Current Pending Cases – Civil

Brittany Borngne Ex Rel Miyona Hyter v. Chattanooga-Hamilton County Hospital Authority et al. (HCLA Case with Multiple Issues – Read Summary for More Information))

Style: Brittany Borngne Ex Rel Miyona Hyter v. Chattanooga-Hamilton County Hospital Authority et al.

TSC Docket Number: E2020-00158-SC-R11-CV

Link to Court of Appeals Opinion:

Summary by the Court of Appeals:

This health care liability action arises from injuries suffered by a minor, Miyona Hyter, during her birth. Miyona Hyter, a minor by and through her next friend and mother, Brittany Borngne (“Plaintiff”) sued, among others, Dr. Michael Seeber who delivered the child via cesarean section and certified nurse midwife Jennifer Mercer who assisted with the birthing process. Plaintiff alleged that Nurse Mercer was negligent by failing to recognize concerning signs on the fetal monitoring strip and by failing to call Dr. Seeber for assistance sooner than she did. The Circuit Court for Hamilton County (“the Trial Court”), by agreed order, granted Dr. Seeber partial summary judgment on all claims of direct negligence against him; he remained in the case as a defendant only upon Plaintiff’s theory that he was vicariously liable for Nurse Mercer’s actions as her supervising physician. During his deposition, Dr. Seeber declined to answer questions that he argued required him to render an expert opinion regarding Nurse Mercer’s care during times that Dr. Seeber was not present and had no involvement in Plaintiff’s care. The Trial Court declined to require Dr. Seeber to answer questions that “call[] for an opinion by Dr. Seeber that asks him to comment on the actions of other healthcare providers and does not involve his own actions, as required by Lewis v. Brooks,” 66 S.W.3d 883, 887-88 (Tenn. Ct. App. 2001). After Nurse Mercer’s deposition, she submitted an errata sheet that substantively altered her answers to some of the questions. Plaintiff moved to suppress the errata sheet, arguing that Tenn. R. Civ. P. 30.05 does not allow a witness to make substantive changes to her deposition testimony. The Trial Court denied the motion but allowed Plaintiff the opportunity to reopen Nurse Mercer’s deposition and to fully cross-examine her at trial about the changes. The case proceeded to trial before a jury, which returned a verdict in Defendants’ favor. We hold that the Trial Court erred by refusing to order Dr. Seeber to answer the questions at issue in his deposition. Deeming this case distinguishable from Lewis v. Brooks, we reverse the Trial Court in its declining to compel Dr. Seeber to testify concerning the conduct of his supervisee, Nurse Mercer, and remand for a new trial. We 07/01/2021 2 also reverse the Trial Court in its decision to exclude proof of Miyona Hyter’s pre-majority medical expenses. We affirm the Trial Court as to the remaining issues.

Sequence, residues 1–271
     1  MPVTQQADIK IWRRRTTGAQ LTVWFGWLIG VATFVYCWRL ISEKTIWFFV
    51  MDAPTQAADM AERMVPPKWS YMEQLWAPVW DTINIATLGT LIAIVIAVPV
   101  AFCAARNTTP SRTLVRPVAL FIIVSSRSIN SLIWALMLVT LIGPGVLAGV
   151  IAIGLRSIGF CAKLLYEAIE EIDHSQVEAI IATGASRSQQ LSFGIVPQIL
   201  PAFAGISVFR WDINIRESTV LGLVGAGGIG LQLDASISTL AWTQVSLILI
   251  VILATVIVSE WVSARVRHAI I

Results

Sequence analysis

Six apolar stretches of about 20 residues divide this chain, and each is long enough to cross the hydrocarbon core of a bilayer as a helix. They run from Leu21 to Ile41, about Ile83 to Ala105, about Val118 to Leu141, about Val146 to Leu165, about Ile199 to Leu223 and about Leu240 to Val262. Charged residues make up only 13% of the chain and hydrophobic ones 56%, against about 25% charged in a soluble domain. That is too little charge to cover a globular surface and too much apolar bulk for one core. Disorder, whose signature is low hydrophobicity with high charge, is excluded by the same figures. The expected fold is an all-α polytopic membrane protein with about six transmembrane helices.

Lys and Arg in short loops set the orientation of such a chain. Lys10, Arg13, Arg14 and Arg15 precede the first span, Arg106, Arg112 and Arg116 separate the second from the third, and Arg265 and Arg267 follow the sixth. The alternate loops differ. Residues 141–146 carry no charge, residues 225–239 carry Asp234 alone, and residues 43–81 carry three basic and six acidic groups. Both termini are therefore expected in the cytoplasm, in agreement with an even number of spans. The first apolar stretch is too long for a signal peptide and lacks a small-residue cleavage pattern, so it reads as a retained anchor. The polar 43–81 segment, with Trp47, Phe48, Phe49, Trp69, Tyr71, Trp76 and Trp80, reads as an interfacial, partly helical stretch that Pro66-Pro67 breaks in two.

Permission to Appeal Granted: October 13, 2021

Appellants’ Briefs Filed:  December 10, 2021

Appellees’ Briefs Filed: February 11, 2022

Appellants’ Reply Brief Filed: February 25, 2022 ; March 14, 2022

Appellees’ Reply Brief Filed:

Amicus Briefs Permitted:  None

Oral Argument Date: May 3, 2022

Link to Oral Argument Video:

Date of TSC Opinion:  none to date

Opinion of the TSC:   [insert link]

TSC Summary of the Opinion:


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